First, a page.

The author is refreshingly dismissive of some long-hallowed 'rules' of good writing, says Chris West.
With a novelist's care for language, this author unpicks the weasel words of business and economics - and has fun while he does so, says Stefan Stern.
BUSINESS CLASSIC: Read this book to stop your company going the same way as RBS or Lehman Brothers, says Stefan Stern.
AUTHOR Q&A: The former Man U football coach on what we can learn from one of Britain's great managers.
The structural engineer worked on the Shard and was in MT's 35 Women Under 35 last year, but she still likes playing with - and reading about - Lego.
Have Eric Schmidt and Jonathan Rosenberg fallen for their own hype, wonders Rob Goffee.
The smallest changes can make the biggest differences, says Robert Cialdini
The Virgin boss, for all his breathless enthusiasm, gives little away about either himself or his companies' financial performance, says Rebecca Burn-Callander.
While this book is a solid, well-researched rebuke to our times, its adversarial approach reduces the prospects of a receptive audience, says Magnus Goodlad.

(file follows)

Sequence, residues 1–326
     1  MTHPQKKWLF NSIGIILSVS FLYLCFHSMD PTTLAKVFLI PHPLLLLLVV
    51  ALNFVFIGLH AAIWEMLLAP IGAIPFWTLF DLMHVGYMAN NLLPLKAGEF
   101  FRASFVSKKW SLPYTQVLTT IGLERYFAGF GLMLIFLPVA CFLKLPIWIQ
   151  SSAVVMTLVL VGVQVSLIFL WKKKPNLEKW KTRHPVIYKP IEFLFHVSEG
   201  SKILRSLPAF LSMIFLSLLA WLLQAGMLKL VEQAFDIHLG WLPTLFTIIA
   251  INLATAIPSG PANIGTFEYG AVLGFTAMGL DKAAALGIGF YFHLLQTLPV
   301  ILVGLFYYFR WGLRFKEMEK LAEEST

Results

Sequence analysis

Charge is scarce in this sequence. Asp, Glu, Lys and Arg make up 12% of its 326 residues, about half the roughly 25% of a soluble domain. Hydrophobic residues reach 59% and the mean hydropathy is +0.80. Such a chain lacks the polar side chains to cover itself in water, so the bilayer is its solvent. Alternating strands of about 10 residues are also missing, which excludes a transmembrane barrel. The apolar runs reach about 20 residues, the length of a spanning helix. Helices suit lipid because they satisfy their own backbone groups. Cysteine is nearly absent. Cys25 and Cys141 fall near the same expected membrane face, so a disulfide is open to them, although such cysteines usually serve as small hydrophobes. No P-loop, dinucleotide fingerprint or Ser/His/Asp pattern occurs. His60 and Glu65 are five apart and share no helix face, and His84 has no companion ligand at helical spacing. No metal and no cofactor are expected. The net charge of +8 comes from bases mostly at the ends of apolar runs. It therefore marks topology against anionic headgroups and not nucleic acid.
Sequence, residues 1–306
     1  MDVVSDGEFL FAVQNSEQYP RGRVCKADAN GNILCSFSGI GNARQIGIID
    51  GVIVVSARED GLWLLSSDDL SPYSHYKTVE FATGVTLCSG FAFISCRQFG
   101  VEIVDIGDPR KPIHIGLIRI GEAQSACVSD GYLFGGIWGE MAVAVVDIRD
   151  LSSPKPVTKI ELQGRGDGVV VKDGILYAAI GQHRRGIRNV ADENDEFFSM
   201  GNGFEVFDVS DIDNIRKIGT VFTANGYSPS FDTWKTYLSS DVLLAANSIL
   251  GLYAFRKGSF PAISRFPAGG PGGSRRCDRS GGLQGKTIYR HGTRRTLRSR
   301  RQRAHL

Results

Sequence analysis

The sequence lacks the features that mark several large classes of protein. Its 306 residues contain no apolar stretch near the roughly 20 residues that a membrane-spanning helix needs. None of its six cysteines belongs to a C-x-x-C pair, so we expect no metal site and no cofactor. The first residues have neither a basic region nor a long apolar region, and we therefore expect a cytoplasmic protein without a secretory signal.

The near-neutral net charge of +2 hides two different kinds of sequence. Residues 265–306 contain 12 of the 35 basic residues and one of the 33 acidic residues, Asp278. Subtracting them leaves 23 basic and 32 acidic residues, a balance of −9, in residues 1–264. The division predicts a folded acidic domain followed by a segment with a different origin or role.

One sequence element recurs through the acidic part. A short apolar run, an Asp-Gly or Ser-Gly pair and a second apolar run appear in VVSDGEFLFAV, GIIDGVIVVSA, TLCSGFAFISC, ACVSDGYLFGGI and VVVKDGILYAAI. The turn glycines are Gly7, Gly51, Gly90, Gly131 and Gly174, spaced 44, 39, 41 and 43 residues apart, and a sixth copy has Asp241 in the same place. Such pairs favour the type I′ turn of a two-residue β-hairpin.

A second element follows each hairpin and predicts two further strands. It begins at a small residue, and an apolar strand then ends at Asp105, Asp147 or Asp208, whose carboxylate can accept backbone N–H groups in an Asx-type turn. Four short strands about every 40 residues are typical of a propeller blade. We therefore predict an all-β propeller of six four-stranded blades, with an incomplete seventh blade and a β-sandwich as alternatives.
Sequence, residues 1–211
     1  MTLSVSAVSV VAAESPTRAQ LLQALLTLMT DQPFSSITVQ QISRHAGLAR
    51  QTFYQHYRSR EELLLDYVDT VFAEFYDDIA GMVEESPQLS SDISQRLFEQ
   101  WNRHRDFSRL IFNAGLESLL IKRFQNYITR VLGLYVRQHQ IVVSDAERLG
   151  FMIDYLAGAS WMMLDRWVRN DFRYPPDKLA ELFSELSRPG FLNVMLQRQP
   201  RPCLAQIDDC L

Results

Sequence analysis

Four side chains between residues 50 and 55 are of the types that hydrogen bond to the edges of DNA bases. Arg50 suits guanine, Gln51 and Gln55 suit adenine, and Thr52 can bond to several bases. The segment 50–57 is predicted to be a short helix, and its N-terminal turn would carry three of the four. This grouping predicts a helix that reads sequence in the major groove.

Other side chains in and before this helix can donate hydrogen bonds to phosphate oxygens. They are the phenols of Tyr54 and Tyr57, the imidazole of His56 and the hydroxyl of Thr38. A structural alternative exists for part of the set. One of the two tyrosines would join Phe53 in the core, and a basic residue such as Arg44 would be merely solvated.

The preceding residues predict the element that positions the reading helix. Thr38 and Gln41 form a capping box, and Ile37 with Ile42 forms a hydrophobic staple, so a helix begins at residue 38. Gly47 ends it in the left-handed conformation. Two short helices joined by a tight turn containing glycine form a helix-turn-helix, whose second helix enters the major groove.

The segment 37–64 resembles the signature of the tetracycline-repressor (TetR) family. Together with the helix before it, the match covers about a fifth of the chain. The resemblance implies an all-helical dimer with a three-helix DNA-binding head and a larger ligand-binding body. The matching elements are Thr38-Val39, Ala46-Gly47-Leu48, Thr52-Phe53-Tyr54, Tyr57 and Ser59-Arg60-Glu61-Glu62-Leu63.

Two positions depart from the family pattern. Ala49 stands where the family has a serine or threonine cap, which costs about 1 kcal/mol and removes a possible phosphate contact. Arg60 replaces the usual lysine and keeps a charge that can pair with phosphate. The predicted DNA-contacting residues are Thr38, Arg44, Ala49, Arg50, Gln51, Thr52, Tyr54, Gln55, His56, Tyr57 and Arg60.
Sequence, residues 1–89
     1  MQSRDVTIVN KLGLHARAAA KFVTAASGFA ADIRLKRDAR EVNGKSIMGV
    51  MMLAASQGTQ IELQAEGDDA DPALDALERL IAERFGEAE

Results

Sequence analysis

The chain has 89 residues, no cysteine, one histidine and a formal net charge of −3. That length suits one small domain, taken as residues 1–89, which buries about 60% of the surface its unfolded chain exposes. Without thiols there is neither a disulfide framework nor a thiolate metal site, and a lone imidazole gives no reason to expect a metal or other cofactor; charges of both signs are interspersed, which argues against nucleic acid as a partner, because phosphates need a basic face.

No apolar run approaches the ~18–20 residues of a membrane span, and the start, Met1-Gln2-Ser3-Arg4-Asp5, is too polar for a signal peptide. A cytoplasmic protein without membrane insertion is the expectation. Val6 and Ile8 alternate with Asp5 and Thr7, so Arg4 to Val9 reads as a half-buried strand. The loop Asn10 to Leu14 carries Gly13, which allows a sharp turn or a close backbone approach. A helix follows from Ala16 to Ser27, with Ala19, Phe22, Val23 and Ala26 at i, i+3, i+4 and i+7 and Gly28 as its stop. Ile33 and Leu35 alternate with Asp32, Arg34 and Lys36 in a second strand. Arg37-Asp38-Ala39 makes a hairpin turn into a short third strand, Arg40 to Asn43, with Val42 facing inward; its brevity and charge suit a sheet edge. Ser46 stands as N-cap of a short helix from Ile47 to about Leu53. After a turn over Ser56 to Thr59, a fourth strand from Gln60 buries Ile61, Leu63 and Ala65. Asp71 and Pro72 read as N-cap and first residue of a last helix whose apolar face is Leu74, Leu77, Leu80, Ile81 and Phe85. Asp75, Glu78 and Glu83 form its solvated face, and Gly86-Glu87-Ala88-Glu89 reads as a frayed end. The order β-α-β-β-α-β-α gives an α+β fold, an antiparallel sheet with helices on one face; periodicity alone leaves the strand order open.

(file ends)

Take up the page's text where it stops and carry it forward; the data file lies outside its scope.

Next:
This much-admired work is a more personal and philosophical view of leadership, says Stefan Stern.
These classic reports about corporate life remain highly enjoyable even if Bill Gates's encomium is a tad inflated, says John McLaren.
Christopher Foyle has a passion for books about travel and exploration
While this is an insightful look at the financial scandals of the past few years, it underestimates the rise of unorthodox alternatives to the high street lenders, says Giles Andrews.
A great subject is ill served by a credulous and ungifted author, who barely seems to know what Formula One is, says reviewer Stephen Bayley.
Eden Collinsworth, author of I Stand Corrected, on the unique challenges of working in contemporary China.
1) The Circle, by Dave Eggers Hamish Hamilton, 8.99 This is a cautionary tale about our state of perpetual electronic connectedness. With more than a nod to 1984, Eggers' dystopian vision centres on a company called The Circle, a thinly disgu...
Individuals and businesses both pay a price for anti-gay prejudice at work. Brendan Walsh applauds Lord Browne's mixture of autobiography, critique and warning.
The man behind Freakonomics and Think Like a Freak reveals how he'd stop NHS freeloaders. David Cameron, listen up.
According to the author of Executive Presence, women should consider hiring an image consultant and having plastic surgery to get ahead.
If you want to move up from being a Mach 1 to a Mach 2 type of boss, this is the book for you, even though it traverses some well-trodden ground, says reviewer Khalid Aziz.
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